Approach to Acute Headache: A Flipped Classroom Module for Emergency Medicine Trainees
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Approach to Acute Headache: A Flipped Classroom Module for Emergency Medicine Trainees


Audience: This module is designed for emergency medicine trainees. Though it focuses on those early in their career (medical students and junior residents), it is applicable to all emergency medicine learners.

Introduction: In the United States, headache is the fifth most-common primary complaint of patients presenting to the emergency department and can be the primary symptomatic manifestation of many life-threatening illnesses. The emergency physician plays a unique role in diagnosing and managing these patients. The emergency physician’s two major responsibilities are to relieve headache pain and to ensure that life-threatening causes are diagnosed and treated.

Objectives: At the end of this module, the learner will be able to: 1) list the diagnoses critical to the emergency physician that may present with headache; 2) identify key historical and examination findings that help differentiate primary (benign) from secondary (serious) causes of headache; 3) discuss the indications for diagnostic imaging, lumbar puncture and laboratory testing in patients with headache; 4) recognize life-threatening diagnoses on CT imaging and CSF examination; 5) describe treatment strategies to relieve headache symptoms.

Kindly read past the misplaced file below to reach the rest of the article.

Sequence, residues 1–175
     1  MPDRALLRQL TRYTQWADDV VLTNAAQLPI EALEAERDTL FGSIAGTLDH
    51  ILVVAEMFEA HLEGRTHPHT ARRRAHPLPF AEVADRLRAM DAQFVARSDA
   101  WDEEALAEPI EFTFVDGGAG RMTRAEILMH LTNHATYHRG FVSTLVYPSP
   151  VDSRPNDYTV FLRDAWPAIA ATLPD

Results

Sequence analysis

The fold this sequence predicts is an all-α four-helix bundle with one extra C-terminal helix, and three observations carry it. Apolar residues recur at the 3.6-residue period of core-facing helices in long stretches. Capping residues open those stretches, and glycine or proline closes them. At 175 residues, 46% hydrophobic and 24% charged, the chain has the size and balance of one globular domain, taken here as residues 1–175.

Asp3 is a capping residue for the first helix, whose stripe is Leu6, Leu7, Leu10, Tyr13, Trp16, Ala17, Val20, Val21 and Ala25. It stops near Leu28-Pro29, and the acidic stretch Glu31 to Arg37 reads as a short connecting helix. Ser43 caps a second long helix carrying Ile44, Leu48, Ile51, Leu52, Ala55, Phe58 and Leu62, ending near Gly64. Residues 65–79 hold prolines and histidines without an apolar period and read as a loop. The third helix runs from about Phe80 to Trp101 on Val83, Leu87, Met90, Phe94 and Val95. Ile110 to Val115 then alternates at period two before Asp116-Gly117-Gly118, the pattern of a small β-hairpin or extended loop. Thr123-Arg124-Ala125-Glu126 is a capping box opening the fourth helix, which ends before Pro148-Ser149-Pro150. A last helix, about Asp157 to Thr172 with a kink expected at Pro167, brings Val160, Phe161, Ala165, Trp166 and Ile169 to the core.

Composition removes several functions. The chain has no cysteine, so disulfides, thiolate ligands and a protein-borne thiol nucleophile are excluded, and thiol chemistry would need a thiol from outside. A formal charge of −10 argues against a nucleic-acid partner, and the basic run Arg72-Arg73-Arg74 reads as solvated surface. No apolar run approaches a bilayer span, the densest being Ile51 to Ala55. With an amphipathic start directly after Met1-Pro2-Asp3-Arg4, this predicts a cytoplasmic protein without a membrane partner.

Methods: This module includes a complete flipped classroom module. Learners are responsible for viewing a 20-minute video prior to the 30-minute small-group, case-based didactic discussion portion. The learners are assessed with multiple-choice question assessments, for low stakes retrieval practice or spaced practice. This could alternatively be run as a team-based learning session, with the pre- and post-tests used as an individual or group readiness assessment test, and the small group exercises converted to a group application exercise.


Topics: Headache, subarachnoid hemorrhage, migraine, occult trauma, meningitis, temporal arteritis, carbon monoxide toxicity, acute glaucoma, cervical artery dissection, space occupying lesion, idiopathic intracranial hypertension.

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